Perham council updated on construction proposals
Details of two construction projects, one coming up for a Nov. 6 vote by city residents and the other long overdue, were heard Monday night at the October meeting of the Perham City Council.
Members of the Perham Area Community Center Board were present to give council members a look at the proposed renovations to the 29-year-old facility. The city owns the building itself but the Perham-Dent School District and the PACC Board share in the maintenance of it.
At Monday’s meeting, PACC Board Member Rich McCrady had blueprints and pictures showing the conception of Phase 1 of an improvement project.
The question will be put up for a vote and if approved, a half-cent local option sales tax will be imposed until $5.2 million is collected. Using a sales tax is expected to spread the cost of improvements over a broader number of users who visit and shop in Perham. The tax will be applied to all items subject to the state’s general sales tax. It would not apply to groceries, clothing prescriptions, vehicle sales and other non-taxable items.
In addition to the sales tax, which is expected to generate $3.4 million for actual construction costs, the board would like to generate additional revenue with grants, fundraisers and sponsorships.
McCrady broke the estimated cost of Phase 1 into four parts:
Hard construction, both major and minor remodeling of the PACC, tops the four expenses at $3,031,080. It would include major insulation work and a 7,000 square foot expansion.
A capital repair and replacement project would cost an estimated $1,719,000. At the present time, the ceiling of the pool area needs replacing.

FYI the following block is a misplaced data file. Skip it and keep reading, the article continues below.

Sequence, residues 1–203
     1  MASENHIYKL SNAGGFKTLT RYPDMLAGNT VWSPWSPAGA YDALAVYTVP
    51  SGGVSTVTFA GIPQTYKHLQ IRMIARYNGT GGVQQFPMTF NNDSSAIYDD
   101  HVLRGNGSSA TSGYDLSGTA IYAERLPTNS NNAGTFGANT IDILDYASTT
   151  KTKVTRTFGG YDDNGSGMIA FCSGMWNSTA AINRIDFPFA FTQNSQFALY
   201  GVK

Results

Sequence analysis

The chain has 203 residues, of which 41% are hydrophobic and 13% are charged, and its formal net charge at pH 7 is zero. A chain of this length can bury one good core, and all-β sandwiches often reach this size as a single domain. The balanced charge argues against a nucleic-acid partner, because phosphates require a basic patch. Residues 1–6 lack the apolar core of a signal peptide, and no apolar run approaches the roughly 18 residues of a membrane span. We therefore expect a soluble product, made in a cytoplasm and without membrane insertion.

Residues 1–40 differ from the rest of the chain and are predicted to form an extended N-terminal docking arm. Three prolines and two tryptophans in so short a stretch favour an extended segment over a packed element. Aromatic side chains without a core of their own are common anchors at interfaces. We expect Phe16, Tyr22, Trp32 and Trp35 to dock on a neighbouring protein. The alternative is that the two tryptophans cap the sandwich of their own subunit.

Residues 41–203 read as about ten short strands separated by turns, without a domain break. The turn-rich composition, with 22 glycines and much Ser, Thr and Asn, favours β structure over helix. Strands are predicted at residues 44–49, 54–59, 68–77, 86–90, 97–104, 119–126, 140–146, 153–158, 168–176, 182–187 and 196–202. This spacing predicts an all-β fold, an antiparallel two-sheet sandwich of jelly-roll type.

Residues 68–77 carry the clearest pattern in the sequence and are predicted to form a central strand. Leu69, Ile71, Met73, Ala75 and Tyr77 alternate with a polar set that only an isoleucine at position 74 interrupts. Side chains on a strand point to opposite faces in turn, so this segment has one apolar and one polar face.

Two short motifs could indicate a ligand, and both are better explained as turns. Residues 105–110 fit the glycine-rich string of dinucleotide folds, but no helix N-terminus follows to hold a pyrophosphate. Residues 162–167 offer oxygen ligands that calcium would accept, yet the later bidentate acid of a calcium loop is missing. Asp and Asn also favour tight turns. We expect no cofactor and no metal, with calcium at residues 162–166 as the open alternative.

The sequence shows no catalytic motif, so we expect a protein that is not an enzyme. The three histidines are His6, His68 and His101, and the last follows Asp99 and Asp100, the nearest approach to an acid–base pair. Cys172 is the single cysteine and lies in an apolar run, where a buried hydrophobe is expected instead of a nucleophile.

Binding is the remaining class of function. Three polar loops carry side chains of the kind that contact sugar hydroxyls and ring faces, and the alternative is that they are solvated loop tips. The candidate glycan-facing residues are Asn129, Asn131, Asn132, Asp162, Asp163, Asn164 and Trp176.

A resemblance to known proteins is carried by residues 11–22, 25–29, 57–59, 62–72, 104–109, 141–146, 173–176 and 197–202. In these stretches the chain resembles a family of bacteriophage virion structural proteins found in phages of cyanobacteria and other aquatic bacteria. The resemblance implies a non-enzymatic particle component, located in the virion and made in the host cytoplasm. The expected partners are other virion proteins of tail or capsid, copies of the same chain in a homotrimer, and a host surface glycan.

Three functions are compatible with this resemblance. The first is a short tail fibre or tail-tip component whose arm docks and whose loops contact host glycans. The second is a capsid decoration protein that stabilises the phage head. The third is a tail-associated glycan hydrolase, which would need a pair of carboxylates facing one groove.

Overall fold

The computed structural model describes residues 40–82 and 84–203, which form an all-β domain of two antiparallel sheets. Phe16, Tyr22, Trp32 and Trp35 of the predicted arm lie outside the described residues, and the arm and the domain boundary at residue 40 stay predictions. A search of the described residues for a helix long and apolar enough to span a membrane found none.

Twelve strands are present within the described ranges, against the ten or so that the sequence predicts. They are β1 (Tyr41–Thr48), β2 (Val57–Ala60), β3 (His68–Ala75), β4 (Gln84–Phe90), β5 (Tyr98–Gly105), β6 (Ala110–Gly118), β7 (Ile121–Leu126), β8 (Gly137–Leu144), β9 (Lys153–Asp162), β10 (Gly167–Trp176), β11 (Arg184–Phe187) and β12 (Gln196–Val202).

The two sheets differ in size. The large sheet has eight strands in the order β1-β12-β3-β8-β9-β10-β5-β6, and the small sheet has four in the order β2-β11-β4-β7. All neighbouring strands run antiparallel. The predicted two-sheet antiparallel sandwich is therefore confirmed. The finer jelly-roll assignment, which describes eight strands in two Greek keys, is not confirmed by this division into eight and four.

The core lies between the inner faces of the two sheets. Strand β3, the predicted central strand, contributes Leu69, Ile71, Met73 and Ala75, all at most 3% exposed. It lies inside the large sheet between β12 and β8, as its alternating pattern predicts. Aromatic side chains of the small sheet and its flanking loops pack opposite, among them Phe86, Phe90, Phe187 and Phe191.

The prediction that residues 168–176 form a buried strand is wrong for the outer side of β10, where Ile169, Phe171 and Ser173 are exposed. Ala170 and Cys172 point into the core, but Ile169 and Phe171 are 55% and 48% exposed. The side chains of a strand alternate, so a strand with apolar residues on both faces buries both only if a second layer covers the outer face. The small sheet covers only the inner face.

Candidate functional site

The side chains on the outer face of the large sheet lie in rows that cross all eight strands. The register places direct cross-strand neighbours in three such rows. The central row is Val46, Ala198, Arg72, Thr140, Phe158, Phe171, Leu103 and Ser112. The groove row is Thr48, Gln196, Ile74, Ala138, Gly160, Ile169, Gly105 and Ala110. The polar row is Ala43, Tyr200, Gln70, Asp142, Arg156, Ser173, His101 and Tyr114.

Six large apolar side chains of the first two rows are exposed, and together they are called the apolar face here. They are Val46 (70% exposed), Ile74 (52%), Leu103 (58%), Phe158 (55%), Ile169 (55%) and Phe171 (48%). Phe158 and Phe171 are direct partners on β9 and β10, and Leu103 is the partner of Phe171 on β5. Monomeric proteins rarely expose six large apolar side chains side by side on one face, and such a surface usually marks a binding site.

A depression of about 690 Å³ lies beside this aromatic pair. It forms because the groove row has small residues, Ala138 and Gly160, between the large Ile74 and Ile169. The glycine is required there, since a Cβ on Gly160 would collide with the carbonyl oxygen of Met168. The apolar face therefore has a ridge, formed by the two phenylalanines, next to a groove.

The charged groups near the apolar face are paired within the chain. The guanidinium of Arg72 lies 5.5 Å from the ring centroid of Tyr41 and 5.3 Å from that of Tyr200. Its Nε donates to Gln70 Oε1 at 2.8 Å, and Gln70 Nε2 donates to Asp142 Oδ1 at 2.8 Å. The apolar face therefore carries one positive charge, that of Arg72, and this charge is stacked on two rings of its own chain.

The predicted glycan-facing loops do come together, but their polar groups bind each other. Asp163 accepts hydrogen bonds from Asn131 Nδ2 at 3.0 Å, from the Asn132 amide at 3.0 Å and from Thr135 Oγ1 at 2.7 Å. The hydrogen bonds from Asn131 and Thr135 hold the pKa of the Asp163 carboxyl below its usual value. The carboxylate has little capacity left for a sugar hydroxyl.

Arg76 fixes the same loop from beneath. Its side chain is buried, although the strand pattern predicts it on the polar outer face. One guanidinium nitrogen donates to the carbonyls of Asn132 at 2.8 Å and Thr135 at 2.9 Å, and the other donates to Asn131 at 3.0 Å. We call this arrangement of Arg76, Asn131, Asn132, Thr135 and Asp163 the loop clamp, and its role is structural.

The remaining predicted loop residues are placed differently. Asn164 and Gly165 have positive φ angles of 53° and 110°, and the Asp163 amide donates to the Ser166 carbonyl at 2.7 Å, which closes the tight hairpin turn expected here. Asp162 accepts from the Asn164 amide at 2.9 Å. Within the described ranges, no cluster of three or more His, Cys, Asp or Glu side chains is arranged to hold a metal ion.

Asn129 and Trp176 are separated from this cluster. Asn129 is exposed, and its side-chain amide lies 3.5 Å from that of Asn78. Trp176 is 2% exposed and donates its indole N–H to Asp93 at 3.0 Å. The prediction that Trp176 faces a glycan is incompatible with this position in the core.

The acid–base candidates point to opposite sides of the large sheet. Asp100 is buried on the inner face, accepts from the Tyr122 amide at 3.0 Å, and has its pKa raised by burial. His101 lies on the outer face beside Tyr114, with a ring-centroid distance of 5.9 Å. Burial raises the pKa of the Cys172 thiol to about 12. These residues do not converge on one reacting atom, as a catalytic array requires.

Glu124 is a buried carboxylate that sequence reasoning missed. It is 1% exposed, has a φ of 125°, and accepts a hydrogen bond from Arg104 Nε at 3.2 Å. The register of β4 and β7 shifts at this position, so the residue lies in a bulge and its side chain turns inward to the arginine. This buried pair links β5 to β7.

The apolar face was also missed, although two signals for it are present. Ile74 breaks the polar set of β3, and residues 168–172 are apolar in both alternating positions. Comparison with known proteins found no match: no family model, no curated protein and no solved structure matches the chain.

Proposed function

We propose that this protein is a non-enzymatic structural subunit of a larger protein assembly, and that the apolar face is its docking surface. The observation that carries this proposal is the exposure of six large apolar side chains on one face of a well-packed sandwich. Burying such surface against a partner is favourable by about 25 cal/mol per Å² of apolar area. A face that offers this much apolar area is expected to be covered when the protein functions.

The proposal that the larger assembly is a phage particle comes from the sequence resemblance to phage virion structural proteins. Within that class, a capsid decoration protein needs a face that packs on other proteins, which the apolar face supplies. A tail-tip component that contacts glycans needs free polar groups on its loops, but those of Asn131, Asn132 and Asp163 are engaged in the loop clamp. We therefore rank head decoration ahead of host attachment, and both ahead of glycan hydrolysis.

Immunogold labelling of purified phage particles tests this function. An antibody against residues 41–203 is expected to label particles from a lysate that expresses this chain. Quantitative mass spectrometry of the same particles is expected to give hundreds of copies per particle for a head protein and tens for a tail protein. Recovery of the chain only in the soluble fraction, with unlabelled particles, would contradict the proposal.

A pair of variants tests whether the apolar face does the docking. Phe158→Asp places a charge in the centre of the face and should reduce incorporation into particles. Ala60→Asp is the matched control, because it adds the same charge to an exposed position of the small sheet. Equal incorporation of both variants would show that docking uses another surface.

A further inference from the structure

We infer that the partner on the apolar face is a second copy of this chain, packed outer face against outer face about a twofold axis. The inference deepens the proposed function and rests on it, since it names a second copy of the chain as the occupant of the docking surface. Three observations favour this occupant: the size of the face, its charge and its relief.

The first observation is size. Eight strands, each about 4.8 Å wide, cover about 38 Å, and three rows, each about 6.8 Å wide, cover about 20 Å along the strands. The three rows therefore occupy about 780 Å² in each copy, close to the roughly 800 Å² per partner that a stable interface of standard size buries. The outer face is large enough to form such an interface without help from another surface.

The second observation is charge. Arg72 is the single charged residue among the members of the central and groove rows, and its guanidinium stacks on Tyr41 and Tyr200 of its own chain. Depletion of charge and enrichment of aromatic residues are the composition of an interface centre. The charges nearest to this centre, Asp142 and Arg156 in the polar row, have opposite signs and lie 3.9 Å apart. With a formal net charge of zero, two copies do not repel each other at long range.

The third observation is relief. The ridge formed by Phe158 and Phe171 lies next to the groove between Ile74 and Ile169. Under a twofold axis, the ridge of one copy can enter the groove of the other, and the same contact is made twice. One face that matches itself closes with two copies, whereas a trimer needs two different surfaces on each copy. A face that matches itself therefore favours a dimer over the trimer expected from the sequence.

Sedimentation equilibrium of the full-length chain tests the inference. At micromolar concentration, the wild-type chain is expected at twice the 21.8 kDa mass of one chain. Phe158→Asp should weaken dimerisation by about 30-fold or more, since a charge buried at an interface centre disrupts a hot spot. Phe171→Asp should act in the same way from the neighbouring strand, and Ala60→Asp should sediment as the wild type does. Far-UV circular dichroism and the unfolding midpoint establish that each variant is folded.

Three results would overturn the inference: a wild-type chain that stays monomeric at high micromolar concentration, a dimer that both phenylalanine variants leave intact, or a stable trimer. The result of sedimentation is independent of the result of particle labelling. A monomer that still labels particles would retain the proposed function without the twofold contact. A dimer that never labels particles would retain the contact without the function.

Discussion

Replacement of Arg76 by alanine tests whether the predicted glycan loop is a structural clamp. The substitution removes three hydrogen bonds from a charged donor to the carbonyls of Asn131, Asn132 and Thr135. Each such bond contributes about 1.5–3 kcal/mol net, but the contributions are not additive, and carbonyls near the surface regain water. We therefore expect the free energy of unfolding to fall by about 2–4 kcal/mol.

“We could save half the money we spend in the pool area,” McCrady said.
The PACC board would also like to update pool equipment and add air conditioning throughout the facility.
The board is looking at adding a Kid’s Playland, updating exercise machines and equipment and building a climbing wall to the tune of $478,000.
PACC Director Betty Murphy addressed the council on the need for a Kid’s Playland, which would allow the parents of young children to leave them in a secure and supervised area while they used the PACC’s facilities.
“That the one area of the PACC we’re really weak in,” Murphy told the board.
Soft construction costs would come to an estimated $475,000.
“The building is 8-10 years behind where is has to be,” McCrady told the board.
If the vote is approved, the Minnesota State Legislature would need to grant special legislation authorizing the tax. If approved during the 2019 legislative session, construction would begin in the fall of 2019.
Following a state statute requiring a public hearing, the council gave members of the community a chance to ask questions about the Second Avenue SW project as it was presented by City Engineer Jade Berube.
The infrastructure project will address water and sewer needs of a system that is around 50 years old. The Second Avenue SW job has been a capital improvements project since 2007 according to Berube.
The cost of the project is estimated at $2,695,000. Of the total amount, $1,698,000 would be picked up by the city leaving $997,000 assessable to property owners.
Berube said bids for the project could go out in the spring of 2019. Construction work would not be finished until the fall of 2019.
The council approved a resolution accepting Berube’s report and ordered plans and specifications for the street project.
The council also approved a joint resolution for orderly annexation with Perham Township for a parcel owned by Hanzon Properties of Little Pine Lake on which Zorbaz Restaurant is located.
The Committee of the Whole meeting will be held Oct. 31 at 5:15 p.m. The next regular city council meeting is set for Tuesday, Nov. 13, at 5:15 p.m.